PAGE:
Operators Lose $6B Tax Rebate Case

European operators in the U.K. and Austria lost their bid today to claim back more than $6 billion in taxes they argued were included in 3G license fees in 2000. (See EU Rejects Tax Rebate.)

In a widely expected decision, Europe's highest court, the European Court of Justice, rejected operator arguments that the 3G license fees, totaling $46.1 billion, included refundable value-added tax (VAT). The ruling ends a three-year legal battle and quashes the hopes of other operators making similar tax rebate claims on their governments, such as in Germany, where another 3G tax refund case is reportedly pending.

Today's decision comes as no surprise to the operators and the market. It was never really expected to work, but while there was a remote possibility of winning, the operators had to try.

It's difficult to forget that during the crazy days of the Internet boom, operators in 20 European countries poured more than $100 billion into government coffers for 3G licenses. In the U.K. alone, the government collected £22.5 billion ($45 billion) in license fees. In Austria, 3G license fees totaled a more modest €832 million ($1.1 billion).

In the U.K. Vodafone Group plc (NYSE: VOD), Telefónica Europe plc (O2) , Orange UK , T-Mobile (UK) , and 3 Group hoped to get back about $6 billion of that cost via a VAT refund. The operators claimed that the license award transactions were subject to VAT, which they could claim back from the U.K. government. In 2004, the U.K. government referred the case to the European Court of Justice (ECJ) in Luxembourg.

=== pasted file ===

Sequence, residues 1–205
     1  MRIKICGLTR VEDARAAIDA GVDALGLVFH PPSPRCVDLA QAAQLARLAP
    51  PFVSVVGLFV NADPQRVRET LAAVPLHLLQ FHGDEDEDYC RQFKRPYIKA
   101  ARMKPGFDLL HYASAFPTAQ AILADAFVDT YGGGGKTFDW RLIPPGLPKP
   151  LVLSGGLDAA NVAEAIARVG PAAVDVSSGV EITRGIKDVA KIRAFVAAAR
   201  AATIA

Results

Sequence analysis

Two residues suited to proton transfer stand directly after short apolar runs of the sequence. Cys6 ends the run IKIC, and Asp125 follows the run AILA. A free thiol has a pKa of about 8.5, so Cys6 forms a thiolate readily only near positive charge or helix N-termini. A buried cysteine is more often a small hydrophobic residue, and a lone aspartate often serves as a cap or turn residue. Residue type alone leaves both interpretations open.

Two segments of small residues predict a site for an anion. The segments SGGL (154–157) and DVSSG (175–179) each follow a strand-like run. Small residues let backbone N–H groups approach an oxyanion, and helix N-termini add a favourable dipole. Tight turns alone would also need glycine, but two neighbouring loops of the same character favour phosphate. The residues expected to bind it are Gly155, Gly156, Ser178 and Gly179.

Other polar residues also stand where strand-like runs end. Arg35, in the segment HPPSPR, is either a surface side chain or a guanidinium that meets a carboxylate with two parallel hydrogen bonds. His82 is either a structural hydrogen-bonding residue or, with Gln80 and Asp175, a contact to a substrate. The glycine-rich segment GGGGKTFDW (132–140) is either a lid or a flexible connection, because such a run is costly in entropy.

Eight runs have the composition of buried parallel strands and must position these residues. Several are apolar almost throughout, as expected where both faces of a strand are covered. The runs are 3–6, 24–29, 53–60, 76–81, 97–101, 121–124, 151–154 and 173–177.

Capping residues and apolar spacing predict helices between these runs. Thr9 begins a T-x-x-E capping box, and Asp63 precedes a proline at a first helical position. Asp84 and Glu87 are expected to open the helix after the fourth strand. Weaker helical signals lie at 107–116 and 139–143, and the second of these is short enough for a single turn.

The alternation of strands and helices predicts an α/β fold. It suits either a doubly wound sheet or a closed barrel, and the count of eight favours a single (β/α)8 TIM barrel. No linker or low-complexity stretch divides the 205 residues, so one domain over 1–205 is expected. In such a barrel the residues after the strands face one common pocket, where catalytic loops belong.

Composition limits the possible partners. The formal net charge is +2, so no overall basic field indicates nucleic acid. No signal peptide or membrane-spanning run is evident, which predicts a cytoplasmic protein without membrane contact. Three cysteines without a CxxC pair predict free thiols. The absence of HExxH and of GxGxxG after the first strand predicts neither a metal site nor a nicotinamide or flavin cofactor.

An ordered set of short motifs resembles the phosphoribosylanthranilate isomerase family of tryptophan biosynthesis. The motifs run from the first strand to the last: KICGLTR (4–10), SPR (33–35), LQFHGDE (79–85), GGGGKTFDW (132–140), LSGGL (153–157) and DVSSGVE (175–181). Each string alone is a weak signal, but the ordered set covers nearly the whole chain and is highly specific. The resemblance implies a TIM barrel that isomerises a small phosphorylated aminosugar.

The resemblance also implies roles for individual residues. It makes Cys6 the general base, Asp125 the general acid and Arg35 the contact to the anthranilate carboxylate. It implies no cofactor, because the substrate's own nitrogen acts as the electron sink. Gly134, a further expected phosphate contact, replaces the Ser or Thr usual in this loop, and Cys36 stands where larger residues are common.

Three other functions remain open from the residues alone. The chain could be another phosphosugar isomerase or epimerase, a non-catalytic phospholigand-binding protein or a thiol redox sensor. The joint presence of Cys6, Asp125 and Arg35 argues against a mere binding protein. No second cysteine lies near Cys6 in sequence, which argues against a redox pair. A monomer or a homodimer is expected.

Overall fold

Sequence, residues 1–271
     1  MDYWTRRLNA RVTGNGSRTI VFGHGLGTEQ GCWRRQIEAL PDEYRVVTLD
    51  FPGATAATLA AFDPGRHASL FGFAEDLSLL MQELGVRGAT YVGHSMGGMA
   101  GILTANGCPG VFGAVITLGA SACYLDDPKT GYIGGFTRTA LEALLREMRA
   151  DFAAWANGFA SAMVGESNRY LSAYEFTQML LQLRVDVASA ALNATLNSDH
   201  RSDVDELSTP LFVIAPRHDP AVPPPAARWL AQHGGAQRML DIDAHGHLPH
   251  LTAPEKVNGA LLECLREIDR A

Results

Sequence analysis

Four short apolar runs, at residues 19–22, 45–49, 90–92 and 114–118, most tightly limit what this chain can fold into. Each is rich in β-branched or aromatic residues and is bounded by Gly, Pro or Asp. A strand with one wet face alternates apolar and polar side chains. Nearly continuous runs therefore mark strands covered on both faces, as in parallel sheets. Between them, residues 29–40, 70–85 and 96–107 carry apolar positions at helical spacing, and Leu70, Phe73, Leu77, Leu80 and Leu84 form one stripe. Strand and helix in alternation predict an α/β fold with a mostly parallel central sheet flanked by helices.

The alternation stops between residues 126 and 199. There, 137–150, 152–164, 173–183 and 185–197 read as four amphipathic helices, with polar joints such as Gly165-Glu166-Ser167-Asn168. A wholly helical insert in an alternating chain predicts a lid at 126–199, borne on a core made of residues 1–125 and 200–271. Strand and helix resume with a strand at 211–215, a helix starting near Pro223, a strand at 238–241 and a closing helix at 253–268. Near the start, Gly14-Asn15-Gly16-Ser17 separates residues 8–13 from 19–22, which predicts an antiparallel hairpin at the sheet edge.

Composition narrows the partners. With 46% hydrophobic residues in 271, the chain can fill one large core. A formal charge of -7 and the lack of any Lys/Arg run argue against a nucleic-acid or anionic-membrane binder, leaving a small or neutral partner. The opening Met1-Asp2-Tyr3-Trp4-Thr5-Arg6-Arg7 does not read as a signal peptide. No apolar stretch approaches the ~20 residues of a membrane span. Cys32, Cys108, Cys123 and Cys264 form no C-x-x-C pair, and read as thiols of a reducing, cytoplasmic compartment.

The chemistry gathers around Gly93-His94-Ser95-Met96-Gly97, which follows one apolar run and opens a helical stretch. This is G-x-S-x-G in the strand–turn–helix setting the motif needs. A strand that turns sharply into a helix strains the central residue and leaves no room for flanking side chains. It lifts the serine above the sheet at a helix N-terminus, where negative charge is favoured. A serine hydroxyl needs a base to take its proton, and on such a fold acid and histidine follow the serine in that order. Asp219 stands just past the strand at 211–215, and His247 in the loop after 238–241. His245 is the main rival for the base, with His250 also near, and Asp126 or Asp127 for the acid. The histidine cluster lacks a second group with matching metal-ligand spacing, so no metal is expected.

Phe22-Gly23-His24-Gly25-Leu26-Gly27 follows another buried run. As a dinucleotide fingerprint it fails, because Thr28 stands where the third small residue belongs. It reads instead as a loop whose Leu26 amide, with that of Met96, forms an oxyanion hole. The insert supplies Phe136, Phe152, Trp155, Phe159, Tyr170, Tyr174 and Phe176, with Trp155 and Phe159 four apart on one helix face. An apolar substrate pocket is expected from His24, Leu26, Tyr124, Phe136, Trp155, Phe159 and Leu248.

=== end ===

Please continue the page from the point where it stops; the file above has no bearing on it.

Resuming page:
At about the same time, the Austrian government referred a similar case to the ECJ, where T-Mobile Austria , Hutchison 3G Austria GmbH , Mobilkom Austria AG & Co. KG , ONE Mobil , and tele.ring Telekom Service GmbH also wanted a VAT refund.

Today, the ECJ said, Neen! [Ed note: That's "No" in Luxembourgish. But the court didn’t say, Mäin Loftkësseboot ass voller Éilen, which apparently means, "my hovercraft is full of eels."] Only "economic activities" are subject to VAT, and allocating spectrum licenses by auction is not an economic activity, according to EU law.

Are operators now out of legal ideas for getting some compensation on their 3G license fees?

A Vodafone spokesman said the operator would study the decision and consider what its response would be.

— Michelle Donegan, European Editor, Unstrung

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